There has been a great deal of debate on the issue of one-parent families. I hope Deputy Ó Snodaigh will come in and go mbeidh sé i láthair ar Chéim an Choiste. Cuirtear líomhaintí inár leith, development cronies, agus rudaí den sórt sin. Tá a fhios ag an Teachta, chomh maith is atá a fhios agam, cé hiad na daoine a bhfuil aithne agam orthu, daoine ar nós a athar féin. Is ball den Rialtas mé agus tá a fhios ag an Teachta cén stair oibre a bhaineann liom, nár oibrigh mé riamh don earnáil phríobháideach, gur oibrigh mé in eagraíochtaí Gaeilge i dtosach báire agus gur oibrigh mé ina dhiaidh sin do chomharchumann pobail. Tá a fhios aige freisin go bhfuil mo shaol caite agam ag obair do na gnáth-dhaoine agus don ghnáth-phobal. Tá díoma orm nuair nach bhfuil daoine sásta breathnú ar cheisteanna agus ar a laghad iad a phlé go hoscailte gan bheith ag tabhairt maslaí ar dhaoine eile. Is cuma cé chomh minic agus a thugtar an masla, tá a fhios ag muintir na Gaillimhe Thiar, an dream a vótálann ar mo shon, cé hiad mo chairde, cé dó a oibrím, cé hiad na daoine a bheidh fáil acu orm nuair atá anró nó cruatan orthu agus cé dó a sheasaim. Is cuma an méid cáinte a dhéantar agus an méid iarrachta a dhéantar bréag a insint——
Deputy Aengus Ó Snodaigh: Ní bréag é má tá mé ag caint faoin Rialtas ina iomláine, sin atá i gceist. Is ball den Rialtasé an tAire agus tá sé ag cur an ruda seo i láthair mar bhall den Rialtas sin. Tá na líomhaintí a rinne mé fíor ó thaobh an Rialtais de.
Deputy Éamon Ó Cuív: Níl sé fíor. Níl aon bhunús leis. Na leasuithe atá molta, pléifear iad leis na grúpaí a dhéanann ionadaíocht do theaghlaigh aontuismitheora. Tá mé sásta dul isteach sa choiste; rinneadh pointí maithe sa díospóireacht agus pléifear iad go mion.
Níl aon bhaint ag na moltaí le sábháil airgid. Duine ar bith a chreideann go bhfuil seo á dhéanamh chun airgead a shábháil, caithfidh sé cuimhniú go ndéantar amach gurbh é an tsábháil a bheidh ann an bhliain seo chugainn ná€900,000 as €21 billiún. Is ionann sin agus 90 cent a shabháil as €21,000. Tá bealaí i bhfad níos fusa chun airgead den chineál sin a shábháil ná dul agus leasú mar seo a chur ar Bhille. Tá a fhios ag an Teachta go bhfuil an cheist seo á plé chomh fada siar leis an am go raibh an Teachta Séamus Brennan mar Aire, am go raibh fuílleach airgid sa tír. Athrú struchtúir atá i gceist anseo, ní athrú ar mhaithe le hairgead a shábháil.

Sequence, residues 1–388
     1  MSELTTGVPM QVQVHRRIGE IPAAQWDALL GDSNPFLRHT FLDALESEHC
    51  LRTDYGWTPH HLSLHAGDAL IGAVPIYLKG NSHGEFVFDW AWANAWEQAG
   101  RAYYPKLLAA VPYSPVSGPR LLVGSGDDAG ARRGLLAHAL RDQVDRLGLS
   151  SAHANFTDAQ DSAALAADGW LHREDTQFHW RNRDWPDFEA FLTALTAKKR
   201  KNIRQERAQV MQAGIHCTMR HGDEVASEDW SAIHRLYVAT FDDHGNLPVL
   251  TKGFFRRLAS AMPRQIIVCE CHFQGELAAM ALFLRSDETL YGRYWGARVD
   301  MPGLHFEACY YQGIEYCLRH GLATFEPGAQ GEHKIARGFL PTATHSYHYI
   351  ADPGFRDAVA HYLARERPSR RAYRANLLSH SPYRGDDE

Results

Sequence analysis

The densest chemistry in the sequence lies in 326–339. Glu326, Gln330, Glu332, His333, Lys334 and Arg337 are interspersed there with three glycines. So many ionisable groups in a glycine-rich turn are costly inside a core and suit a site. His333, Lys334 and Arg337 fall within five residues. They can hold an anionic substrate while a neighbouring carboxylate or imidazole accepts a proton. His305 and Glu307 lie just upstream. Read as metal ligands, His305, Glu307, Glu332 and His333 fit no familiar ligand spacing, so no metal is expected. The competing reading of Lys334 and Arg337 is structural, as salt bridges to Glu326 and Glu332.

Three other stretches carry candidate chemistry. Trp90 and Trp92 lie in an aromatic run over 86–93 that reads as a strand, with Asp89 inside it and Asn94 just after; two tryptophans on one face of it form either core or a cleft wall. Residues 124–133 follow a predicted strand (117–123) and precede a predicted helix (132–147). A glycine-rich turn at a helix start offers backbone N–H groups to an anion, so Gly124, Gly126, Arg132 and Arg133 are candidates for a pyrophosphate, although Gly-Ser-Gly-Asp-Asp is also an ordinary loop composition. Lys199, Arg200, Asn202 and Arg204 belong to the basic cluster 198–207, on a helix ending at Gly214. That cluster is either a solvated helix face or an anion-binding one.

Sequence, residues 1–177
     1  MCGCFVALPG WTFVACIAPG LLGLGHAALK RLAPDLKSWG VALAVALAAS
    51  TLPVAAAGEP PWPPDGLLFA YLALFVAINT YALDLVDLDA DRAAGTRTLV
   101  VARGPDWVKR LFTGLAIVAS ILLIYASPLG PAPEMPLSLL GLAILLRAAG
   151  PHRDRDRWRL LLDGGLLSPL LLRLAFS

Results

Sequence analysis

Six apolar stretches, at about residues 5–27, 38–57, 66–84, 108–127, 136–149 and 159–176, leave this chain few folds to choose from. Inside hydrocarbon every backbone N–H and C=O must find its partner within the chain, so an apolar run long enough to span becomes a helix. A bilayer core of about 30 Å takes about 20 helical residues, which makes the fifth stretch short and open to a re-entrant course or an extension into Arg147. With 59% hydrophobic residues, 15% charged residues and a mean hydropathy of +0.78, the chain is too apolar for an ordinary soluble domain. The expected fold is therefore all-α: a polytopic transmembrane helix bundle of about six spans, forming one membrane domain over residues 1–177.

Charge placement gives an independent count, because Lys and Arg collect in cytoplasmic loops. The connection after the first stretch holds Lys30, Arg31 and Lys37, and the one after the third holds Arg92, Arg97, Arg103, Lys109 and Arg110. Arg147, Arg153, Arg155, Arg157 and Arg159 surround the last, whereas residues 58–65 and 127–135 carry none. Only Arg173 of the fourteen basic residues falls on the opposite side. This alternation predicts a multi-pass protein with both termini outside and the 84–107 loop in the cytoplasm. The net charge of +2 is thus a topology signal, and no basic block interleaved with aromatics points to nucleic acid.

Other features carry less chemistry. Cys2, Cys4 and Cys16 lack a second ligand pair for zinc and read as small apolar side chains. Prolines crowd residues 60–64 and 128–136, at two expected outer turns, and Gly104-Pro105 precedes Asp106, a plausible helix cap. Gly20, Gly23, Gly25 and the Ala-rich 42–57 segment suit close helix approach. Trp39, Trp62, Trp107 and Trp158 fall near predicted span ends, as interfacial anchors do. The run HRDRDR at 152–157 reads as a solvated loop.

The position in respect of the one parent family payment is that we have put forward a proposal. I accept that any such proposed change will not work unless support services are provided. I return again to the circle I wish to create. There will be a need for after-school services in order to achieve the proper results. There will also be a need to encourage young people, regardless of whether they are from one or two-parent families, to become involved in many more activities and to provide them with a greater level of support than that which obtains at present.
I reiterate what I said earlier with regard to activation. We must avail of the services of those whom we currently pay to do nothing but who wish to do something. We should enable these individuals to work by encouraging them to become involved in providing the required services. There is an opportunity for parents, including those who are parenting alone, to provide the services to which I refer. People, particularly those who live in urban disadvantaged areas, like much more comprehensive services to be provided in respect of young people in order that they will not be encouraged around the streets but that they might become involved in art, music, sport and many other activities. The way to do this is by providing after-school support.